13 Oct Learning How to Pray Part 11
The Friday Prayer (Salaat-ul-Jumu‛ah)
The Friday prayer (salaat-ul-jumu‛ah) is a religious obligation which takes the place of the daily afternoon prayer (salaat-udh-Dhuhr) on Friday. It is one of the most exalted Islamic rituals and one of its confirmed obligatory acts. On this day, Muslims gather once a week, listen to the sermon which the imaam delivers, and then offer the Friday prayer.
Virtues of Friday
Friday is the best and most exalted day of the week, for Allah I has favoured it over other days due to a number of virtues including the following:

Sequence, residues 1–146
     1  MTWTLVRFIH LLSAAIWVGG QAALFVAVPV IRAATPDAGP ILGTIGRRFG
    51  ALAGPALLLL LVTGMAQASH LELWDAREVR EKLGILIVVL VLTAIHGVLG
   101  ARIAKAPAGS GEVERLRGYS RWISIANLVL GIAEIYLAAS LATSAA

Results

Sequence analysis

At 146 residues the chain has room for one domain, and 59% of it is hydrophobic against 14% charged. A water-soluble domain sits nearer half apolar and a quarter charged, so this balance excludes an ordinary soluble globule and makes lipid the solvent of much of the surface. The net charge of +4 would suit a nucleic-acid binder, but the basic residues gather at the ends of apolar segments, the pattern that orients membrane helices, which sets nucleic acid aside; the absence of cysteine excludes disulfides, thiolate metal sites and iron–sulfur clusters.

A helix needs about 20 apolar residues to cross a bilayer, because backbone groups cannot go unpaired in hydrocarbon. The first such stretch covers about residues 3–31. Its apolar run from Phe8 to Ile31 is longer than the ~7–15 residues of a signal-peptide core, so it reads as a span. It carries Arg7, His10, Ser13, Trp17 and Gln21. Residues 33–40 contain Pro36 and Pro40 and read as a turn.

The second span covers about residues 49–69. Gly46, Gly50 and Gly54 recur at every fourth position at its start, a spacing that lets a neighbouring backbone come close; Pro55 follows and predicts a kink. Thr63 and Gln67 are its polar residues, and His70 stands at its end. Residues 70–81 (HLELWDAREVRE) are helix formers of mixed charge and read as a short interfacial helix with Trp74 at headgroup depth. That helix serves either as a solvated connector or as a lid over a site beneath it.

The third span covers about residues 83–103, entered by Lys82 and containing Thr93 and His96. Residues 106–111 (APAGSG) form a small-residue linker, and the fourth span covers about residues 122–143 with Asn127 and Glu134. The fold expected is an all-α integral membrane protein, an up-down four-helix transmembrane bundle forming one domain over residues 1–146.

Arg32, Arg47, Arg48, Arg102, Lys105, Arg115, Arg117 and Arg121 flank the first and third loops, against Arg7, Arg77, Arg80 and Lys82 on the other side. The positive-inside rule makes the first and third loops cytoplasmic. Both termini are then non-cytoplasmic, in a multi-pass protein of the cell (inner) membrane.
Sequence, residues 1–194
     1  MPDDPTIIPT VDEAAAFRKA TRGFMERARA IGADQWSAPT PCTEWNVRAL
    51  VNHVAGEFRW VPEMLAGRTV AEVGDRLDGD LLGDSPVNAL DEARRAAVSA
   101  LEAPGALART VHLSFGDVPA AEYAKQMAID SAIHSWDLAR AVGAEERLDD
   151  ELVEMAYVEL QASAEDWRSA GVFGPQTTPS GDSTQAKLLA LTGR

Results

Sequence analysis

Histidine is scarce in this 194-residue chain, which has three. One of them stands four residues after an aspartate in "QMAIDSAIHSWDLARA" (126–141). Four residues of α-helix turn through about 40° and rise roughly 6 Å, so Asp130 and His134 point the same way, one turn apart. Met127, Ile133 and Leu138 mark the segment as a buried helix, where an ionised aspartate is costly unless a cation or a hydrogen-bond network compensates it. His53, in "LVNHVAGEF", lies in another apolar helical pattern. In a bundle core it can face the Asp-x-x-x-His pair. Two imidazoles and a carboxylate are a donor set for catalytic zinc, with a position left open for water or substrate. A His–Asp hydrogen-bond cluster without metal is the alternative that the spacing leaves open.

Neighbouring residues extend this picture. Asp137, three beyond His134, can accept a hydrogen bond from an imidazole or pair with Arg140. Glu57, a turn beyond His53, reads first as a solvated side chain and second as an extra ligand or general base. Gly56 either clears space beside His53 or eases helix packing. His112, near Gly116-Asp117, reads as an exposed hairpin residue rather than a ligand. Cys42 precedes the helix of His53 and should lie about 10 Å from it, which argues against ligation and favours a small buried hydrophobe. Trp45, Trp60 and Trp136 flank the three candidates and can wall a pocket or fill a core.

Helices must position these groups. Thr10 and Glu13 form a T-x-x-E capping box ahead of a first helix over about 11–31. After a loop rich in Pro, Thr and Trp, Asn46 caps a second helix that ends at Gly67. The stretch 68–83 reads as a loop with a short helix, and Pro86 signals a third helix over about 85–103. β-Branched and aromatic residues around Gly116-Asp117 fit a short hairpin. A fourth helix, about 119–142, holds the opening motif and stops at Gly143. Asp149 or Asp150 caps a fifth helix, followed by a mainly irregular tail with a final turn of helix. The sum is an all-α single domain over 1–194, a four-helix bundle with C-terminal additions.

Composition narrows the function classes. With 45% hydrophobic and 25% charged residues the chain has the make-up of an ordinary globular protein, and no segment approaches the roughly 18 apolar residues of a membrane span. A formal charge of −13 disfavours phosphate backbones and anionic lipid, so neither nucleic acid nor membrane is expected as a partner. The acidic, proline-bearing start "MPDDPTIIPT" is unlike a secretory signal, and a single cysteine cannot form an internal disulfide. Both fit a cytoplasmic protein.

-Allah I has specifically chosen it for the Muslims, as the Prophet r said, “Allah led those who came before us away from Friday. The Jews had Saturday, and the Christians had Sunday. Then Allah brought us and Allah guided us to Friday.” (Saheeh Muslim: 856)
-Allah created Adam on it, and on this very day the Day of Judgement will take place, as the Prophet r said, “Friday is the best day on which the sun rises. On this day, Adam was created; on it he was admitted into Paradise and on it he was turned out of it. The Day of Judgement will also take place on Friday.” (Saheeh Muslim: 854)
Who Must Perform the Friday Prayer?
The Friday prayer is a religious obligation that is binding on those who meet these conditions:
-They must be men: Women do not have to offer it.
-They must be legally accountable (mukallaf ) for their actions: It is not obligatory for insane or children who have not reached puberty.
-They must be resident: It is not obligatory for travellers or those who live in the countryside, outside towns and cities.